Within the €3.6 million EU research project PROMESS1 (PROfiles across MEditerranean Sedimentary Systems), with an EU contribution of €2.7 million, European scientists have collected 500 000 year-old sediment cores from the bottom of the Mediterranean Sea. These samples will allow researchers to reconstruct climate variations since pre-historic times, thus providing keys for understanding what is happening to Earth’s climate now. Ocean drilling is crucial in understanding changes in climate, as the sediments hold archives of past developments. PROMESS1 involves partners from France, Germany, Italy, Spain, the Netherlands and the United Kingdom.
“The findings of the PROMESS1 project place European research on a par with the world leaders in marine geosciences, the US and Japan,” said European Research Commissioner Philippe Busquin. “This research helps us to understand the Earth’s situation and envisage scenarios to be taken into account by policy-makers. Changes in sea-bottom sediments off the shore of densely populated coastlines may have a deep impact on those areas. Moreover, better understanding of how these sediments formed will help identify and monitor gas- and oilfields.”
Journalists are invited to visit the research vessel SRV Bavenit and meet the research team tomorrow, Friday 23 July, at 10.00, in the harbour of Barcelona.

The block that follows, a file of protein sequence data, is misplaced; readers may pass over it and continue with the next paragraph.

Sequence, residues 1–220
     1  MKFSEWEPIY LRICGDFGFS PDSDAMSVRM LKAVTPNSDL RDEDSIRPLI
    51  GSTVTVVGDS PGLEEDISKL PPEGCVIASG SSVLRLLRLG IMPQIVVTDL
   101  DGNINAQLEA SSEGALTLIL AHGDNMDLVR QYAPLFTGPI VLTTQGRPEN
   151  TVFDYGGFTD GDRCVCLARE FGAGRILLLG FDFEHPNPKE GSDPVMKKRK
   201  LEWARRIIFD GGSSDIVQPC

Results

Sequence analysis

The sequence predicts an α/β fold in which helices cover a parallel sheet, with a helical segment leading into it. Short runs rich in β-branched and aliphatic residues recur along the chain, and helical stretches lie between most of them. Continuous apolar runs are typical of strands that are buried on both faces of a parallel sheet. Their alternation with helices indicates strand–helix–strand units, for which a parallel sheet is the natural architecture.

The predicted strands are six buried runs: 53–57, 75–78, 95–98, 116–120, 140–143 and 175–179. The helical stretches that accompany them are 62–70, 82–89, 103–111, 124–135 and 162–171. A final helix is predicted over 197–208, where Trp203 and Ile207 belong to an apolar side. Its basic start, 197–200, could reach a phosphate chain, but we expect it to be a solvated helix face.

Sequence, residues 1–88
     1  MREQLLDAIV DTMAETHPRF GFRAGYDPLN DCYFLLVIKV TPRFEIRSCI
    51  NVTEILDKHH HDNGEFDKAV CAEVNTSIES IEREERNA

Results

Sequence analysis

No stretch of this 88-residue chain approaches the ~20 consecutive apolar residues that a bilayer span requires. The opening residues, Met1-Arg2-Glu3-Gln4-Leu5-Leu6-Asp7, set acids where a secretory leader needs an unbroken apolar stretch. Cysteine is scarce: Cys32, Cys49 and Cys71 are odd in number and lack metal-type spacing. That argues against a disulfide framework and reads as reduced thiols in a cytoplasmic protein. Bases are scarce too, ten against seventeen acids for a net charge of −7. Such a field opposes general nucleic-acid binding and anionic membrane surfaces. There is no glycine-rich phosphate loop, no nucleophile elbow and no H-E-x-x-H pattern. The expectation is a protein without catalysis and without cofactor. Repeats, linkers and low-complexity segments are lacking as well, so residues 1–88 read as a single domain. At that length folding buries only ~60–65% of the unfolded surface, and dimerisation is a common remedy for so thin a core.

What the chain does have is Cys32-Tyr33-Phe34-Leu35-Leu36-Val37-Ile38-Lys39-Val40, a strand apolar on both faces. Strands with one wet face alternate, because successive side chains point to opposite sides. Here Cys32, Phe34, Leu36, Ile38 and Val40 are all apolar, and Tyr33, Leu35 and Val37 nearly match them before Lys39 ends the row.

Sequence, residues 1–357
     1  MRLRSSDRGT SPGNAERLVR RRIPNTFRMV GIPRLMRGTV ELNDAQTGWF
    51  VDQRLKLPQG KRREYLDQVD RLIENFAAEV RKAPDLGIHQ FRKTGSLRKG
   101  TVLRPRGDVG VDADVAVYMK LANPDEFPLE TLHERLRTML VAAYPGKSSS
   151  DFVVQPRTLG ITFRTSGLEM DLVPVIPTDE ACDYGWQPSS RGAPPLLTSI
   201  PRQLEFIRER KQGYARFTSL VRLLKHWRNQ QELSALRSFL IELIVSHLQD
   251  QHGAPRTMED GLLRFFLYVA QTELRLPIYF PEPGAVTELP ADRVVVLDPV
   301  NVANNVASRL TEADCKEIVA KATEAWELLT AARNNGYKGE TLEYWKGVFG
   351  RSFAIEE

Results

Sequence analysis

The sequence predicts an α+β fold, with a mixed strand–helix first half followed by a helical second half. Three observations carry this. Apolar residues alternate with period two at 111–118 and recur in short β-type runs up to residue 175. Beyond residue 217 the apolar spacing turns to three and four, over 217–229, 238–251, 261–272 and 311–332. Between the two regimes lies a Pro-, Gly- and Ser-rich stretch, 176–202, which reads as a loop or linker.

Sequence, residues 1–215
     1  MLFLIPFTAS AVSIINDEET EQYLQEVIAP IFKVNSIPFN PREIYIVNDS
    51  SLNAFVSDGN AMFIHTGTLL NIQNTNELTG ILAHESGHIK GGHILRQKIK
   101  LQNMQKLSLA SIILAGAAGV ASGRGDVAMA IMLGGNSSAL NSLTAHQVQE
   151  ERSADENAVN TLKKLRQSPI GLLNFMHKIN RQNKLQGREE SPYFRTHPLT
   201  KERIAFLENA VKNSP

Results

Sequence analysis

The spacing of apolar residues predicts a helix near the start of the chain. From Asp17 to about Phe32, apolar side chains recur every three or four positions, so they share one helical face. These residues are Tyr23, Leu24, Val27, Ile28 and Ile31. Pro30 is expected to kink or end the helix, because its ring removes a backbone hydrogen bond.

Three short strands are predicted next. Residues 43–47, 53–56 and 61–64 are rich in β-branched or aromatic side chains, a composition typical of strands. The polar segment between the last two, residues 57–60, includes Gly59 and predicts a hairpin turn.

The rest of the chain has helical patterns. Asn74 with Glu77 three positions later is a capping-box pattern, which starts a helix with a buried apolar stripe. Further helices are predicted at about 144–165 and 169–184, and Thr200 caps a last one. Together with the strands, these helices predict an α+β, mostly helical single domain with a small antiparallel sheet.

Cross-examination of data from different sources will help better understand climate variations. The data of PROMESS1 will be compared with data provided by ice core drilling.
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The Max Planck Institute for Physics (MPP) is opening up a new research field. A workshop from November 21 - 22, 2016 will mark the start of activities for an innovative axion experiment. Axions are still only purely hypothetical particles. Their detection could solve two fundamental problems in particle physics: What dark matter consists of and why it has not yet been possible to directly observe a CP violation for the strong interaction.
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The efficiency of power electronic systems is not solely dependent on electrical efficiency but also on weight, for example, in mobile systems. When the weight of relevant components and devices in airplanes, for instance, is reduced, fuel savings can be achieved and correspondingly greenhouse gas emissions decreased. New materials and components based on gallium nitride (GaN) can help to reduce weight and increase the efficiency. With these new materials, power electronic switches can be operated at higher switching frequency, resulting in higher power density and lower material costs.
Researchers at the Fraunhofer Institute for Solar Energy Systems ISE together with partners have investigated how these materials can be used to make power...
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